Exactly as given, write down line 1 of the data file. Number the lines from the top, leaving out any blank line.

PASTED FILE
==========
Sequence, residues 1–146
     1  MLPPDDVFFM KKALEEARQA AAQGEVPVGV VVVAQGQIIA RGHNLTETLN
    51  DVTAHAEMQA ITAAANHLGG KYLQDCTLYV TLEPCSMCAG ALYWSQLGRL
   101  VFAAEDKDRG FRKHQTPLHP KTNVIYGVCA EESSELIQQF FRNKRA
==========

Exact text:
Sequence, residues 1–146